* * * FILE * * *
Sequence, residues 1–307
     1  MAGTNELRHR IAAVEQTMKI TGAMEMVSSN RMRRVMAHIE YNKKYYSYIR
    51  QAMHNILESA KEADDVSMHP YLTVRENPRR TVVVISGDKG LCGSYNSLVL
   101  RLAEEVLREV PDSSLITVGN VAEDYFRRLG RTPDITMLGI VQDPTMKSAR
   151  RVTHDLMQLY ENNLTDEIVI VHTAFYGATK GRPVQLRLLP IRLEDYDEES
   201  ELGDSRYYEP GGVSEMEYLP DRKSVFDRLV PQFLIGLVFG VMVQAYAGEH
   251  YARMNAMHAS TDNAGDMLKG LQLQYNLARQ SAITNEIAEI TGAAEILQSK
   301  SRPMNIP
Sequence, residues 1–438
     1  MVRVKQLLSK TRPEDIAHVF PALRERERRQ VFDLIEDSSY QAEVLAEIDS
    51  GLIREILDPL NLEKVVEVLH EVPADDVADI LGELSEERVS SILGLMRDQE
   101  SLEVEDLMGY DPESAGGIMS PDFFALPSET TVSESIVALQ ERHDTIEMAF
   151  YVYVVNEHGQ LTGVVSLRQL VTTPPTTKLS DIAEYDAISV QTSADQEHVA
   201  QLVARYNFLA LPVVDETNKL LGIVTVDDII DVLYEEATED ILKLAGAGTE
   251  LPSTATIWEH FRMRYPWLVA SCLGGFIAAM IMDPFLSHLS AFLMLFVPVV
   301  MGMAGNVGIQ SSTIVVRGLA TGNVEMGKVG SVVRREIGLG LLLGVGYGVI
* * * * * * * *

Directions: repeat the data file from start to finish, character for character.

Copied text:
Sequence, residues 1–307
     1  MAGTNELRHR IAAVEQTMKI TGAMEMVSSN RMRRVMAHIE YNKKYYSYIR
    51  QAMHNILESA KEADDVSMHP YLTVRENPRR TVVVISGDKG LCGSYNSLVL
   101  RLAEEVLREV PDSSLITVGN VAEDYFRRLG RTPDITMLGI VQDPTMKSAR
   151  RVTHDLMQLY ENNLTDEIVI VHTAFYGATK GRPVQLRLLP IRLEDYDEES
   201  ELGDSRYYEP GGVSEMEYLP DRKSVFDRLV PQFLIGLVFG VMVQAYAGEH
   251  YARMNAMHAS TDNAGDMLKG LQLQYNLARQ SAITNEIAEI TGAAEILQSK
   301  SRPMNIP
Sequence, residues 1–438
     1  MVRVKQLLSK TRPEDIAHVF PALRERERRQ VFDLIEDSSY QAEVLAEIDS
    51  GLIREILDPL NLEKVVEVLH EVPADDVADI LGELSEERVS SILGLMRDQE
   101  SLEVEDLMGY DPESAGGIMS PDFFALPSET TVSESIVALQ ERHDTIEMAF
   151  YVYVVNEHGQ LTGVVSLRQL VTTPPTTKLS DIAEYDAISV QTSADQEHVA
   201  QLVARYNFLA LPVVDETNKL LGIVTVDDII DVLYEEATED ILKLAGAGTE
   251  LPSTATIWEH FRMRYPWLVA SCLGGFIAAM IMDPFLSHLS AFLMLFVPVV
   301  MGMAGNVGIQ SSTIVVRGLA TGNVEMGKVG SVVRREIGLG LLLGVGYGVI